Clarity For ESG Investment Parity – Transparency Has Never Looked So Good For Firms

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Clarity For ESG Investment Parity – Transparency Has Never Looked So Good For Firms

The news that Blackrock, the largest asset manager in the world, would vote against more future shareholder climate resolutions, signaled a change in the wind. For several years, Blackrock has been seen as a leader in ESG-related investing, where its continued pressure on investee firms and other investors to align with the TCFD, has had a significant influence on the investment community. But with greater economic turbulence owing to the war in Ukraine, supply chain bottlenecks and growing inflationary pressure, ESG-values may have slipped down the pecking order.

According to Blackrock Investment Stewardship, there are two main themes underlying the changes to its shareholder voting plans in 2022:

  • Greater shareholder voting flexibility: New guidance from the U.S. Securities and Exchange Commission (SEC) on shareholder proposals allows for a broader scope of policy issues to be addressed by shareholders at annual general meetings (AGMs), which may be more prescriptive on a firm’s own management.
  • Rising energy prices: The war in Ukraine has affected the short-medium term prices of energy, increased the production of oil and gas, and hastened the push for supplies of renewable power in mainland Europe, in an attempt to securitize energy.

Blackrock argues that firms investing in both traditional carbon and renewable sources of energy will produce greater returns. As such, shareholder resolutions put forward by climate lobbyists that jeopardize the continuation of carbon-based energy production by firms that also have defined energy transition plans, will be in opposition to Blackrock’s short-term investing alignment.

Despite a more conservative outlook on voting alignment with shareholders in 2022, Blackrock is still supportive of firms engaging with climate risk analysis through the TCFD reporting lens. Climate action plans that detail the impact of the energy and climate transition on business models, provide transparency on scope 1, 2 and 3 GHG emissions and disclose a firm’s alignment with economic scenarios that are within a 2°C global temperature increase, are beneficial for investment decisions (see: Strategic Focus: Mastering TCFD Disclosures).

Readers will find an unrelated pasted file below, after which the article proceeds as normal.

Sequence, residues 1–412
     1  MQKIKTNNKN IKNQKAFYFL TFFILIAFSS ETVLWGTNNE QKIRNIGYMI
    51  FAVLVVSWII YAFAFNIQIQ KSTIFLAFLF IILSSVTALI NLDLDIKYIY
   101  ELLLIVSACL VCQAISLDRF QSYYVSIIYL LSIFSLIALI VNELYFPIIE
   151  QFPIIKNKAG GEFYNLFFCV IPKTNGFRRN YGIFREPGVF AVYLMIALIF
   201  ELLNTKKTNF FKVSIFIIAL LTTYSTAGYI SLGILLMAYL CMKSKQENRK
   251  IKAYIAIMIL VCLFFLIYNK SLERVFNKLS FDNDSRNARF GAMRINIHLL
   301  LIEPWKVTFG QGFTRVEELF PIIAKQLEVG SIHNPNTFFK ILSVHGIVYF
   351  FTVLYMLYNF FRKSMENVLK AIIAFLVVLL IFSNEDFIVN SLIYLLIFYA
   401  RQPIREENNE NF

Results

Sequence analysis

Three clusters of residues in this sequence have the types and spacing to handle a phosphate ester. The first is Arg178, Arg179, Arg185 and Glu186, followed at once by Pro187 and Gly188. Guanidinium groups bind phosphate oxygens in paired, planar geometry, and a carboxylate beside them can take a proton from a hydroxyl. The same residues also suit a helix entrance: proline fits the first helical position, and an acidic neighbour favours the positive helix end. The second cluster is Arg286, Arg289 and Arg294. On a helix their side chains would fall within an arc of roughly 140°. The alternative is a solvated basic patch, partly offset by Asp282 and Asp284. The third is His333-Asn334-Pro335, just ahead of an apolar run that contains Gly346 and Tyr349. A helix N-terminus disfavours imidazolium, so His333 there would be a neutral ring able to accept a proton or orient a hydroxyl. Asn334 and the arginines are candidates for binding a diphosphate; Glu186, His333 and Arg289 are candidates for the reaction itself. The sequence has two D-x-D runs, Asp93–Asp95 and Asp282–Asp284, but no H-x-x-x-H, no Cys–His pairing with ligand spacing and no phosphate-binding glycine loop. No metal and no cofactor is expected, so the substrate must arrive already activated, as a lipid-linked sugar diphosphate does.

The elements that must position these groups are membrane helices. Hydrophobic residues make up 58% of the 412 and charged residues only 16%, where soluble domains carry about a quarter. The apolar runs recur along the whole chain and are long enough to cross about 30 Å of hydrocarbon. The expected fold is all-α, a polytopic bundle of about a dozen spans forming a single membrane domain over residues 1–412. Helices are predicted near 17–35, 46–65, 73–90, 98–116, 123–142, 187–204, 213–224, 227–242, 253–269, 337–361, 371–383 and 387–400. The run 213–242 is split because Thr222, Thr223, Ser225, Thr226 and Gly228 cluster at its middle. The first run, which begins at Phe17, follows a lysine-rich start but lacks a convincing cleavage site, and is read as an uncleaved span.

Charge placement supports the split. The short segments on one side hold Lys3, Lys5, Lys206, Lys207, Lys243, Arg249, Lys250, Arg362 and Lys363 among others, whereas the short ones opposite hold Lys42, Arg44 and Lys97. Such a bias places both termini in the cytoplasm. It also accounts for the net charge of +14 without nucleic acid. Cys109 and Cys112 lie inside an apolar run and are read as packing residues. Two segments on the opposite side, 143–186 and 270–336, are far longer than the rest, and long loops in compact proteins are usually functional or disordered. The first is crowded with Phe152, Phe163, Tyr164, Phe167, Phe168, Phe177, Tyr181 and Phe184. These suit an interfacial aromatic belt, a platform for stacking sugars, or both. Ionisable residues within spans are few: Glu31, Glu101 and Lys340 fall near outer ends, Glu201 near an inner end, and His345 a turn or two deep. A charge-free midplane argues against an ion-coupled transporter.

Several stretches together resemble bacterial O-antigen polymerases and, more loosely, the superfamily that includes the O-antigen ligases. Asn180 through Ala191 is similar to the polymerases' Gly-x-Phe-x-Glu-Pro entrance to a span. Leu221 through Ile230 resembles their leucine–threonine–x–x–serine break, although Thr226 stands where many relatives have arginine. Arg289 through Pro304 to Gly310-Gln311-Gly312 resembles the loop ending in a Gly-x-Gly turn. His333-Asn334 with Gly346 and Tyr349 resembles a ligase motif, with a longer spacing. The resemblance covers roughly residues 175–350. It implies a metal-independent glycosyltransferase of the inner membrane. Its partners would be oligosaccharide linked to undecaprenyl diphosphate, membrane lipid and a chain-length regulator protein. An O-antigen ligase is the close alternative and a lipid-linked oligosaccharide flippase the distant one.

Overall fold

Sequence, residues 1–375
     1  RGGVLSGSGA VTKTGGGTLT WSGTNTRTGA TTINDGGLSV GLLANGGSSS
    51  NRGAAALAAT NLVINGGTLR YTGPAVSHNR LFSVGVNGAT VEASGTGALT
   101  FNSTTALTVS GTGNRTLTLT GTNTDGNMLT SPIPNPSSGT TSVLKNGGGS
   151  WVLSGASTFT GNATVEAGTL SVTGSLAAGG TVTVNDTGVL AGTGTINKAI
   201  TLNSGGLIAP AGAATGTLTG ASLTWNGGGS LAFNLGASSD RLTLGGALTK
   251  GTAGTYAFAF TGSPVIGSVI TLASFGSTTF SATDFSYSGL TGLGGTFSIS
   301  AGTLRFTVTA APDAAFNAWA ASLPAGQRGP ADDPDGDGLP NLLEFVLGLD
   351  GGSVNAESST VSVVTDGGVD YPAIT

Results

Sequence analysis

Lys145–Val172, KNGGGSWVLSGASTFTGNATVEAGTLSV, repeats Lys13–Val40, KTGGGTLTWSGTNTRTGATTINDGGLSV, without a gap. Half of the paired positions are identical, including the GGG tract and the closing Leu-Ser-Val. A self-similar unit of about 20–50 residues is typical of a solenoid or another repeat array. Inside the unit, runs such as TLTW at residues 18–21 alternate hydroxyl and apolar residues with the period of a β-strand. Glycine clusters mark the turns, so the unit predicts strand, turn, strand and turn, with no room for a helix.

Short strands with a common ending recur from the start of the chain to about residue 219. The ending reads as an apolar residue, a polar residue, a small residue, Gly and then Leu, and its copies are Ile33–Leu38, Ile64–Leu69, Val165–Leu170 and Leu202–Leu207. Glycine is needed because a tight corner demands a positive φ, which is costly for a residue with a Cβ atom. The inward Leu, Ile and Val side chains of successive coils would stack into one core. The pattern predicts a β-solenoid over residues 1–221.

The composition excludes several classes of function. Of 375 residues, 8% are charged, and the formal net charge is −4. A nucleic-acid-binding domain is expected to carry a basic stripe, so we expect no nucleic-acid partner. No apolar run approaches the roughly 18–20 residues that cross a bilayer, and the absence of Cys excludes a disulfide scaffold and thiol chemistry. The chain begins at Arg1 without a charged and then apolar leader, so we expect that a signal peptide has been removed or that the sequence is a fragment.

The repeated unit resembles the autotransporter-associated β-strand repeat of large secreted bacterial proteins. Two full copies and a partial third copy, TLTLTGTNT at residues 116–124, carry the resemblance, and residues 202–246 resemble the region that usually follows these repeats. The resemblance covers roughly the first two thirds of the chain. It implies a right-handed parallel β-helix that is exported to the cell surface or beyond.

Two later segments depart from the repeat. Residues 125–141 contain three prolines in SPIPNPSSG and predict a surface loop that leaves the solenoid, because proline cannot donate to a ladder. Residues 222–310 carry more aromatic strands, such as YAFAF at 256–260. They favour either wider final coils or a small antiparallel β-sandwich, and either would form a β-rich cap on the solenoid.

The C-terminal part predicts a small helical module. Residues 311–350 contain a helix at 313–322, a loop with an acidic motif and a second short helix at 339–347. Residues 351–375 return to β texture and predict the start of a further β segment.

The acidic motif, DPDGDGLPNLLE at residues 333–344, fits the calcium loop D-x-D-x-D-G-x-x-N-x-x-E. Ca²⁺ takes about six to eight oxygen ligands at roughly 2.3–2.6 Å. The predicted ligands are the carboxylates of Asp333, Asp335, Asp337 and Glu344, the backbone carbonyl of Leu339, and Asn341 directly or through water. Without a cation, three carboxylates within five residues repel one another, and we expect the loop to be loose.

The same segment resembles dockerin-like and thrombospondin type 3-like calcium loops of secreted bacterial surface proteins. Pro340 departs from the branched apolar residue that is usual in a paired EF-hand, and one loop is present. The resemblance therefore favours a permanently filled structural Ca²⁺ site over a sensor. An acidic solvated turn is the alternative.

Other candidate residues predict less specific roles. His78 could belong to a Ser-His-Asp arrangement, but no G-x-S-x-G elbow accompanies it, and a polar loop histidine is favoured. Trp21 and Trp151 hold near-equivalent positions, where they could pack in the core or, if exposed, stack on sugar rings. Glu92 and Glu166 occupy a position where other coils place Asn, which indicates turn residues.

While regulation continues to act as one of the main drivers of the climate transition, particularly within the financial sector, firms will come under more scrutiny for the quality of their reporting and how they present their ESG-related data. In a move which may be the first of many, the U.S. SEC charged BNY Mellon Investment Adviser $1.5 million for misstating and omitting information regarding ESG-considerations for investment decisions in some of its mutual funds over a three year period. DWS, Deutsche Bank’s investment arm, had their Frankfurt offices raided by police as part of ongoing investigations into greenwashing allegations for overstating the sustainability credentials of their financial products. Not long after, the SEC announced it would be investigating Goldman Sachs’ asset management division over similar allegations. How firms convey their ESG messaging and product-labelling is crucial; firms need to understand the transition ESG has undertaken from public affairs to stakeholder capitalism.

Ensuring clear public messaging and transparent disclosures is essential, and so too is developing efficient systems of ESG data collection, management and analysis, with the help of software and service providers. Regardless of Blackrock’s actions this voting season, firms should continue to report and disclose all matters of ESG, in as much detail as they can, for investors and all other stakeholders alike.

Guy Lewis


Guy is an analyst in the ESG and Sustainability Practice. Prior to joining Verdantix, he worked at Bulb helping to optimise member experience as part of their renewable energy offering. He gained knowledge in operations and smart technologies. Guy holds a BA in Geography from the University of Manchester, with a placement year at the University of Queensland.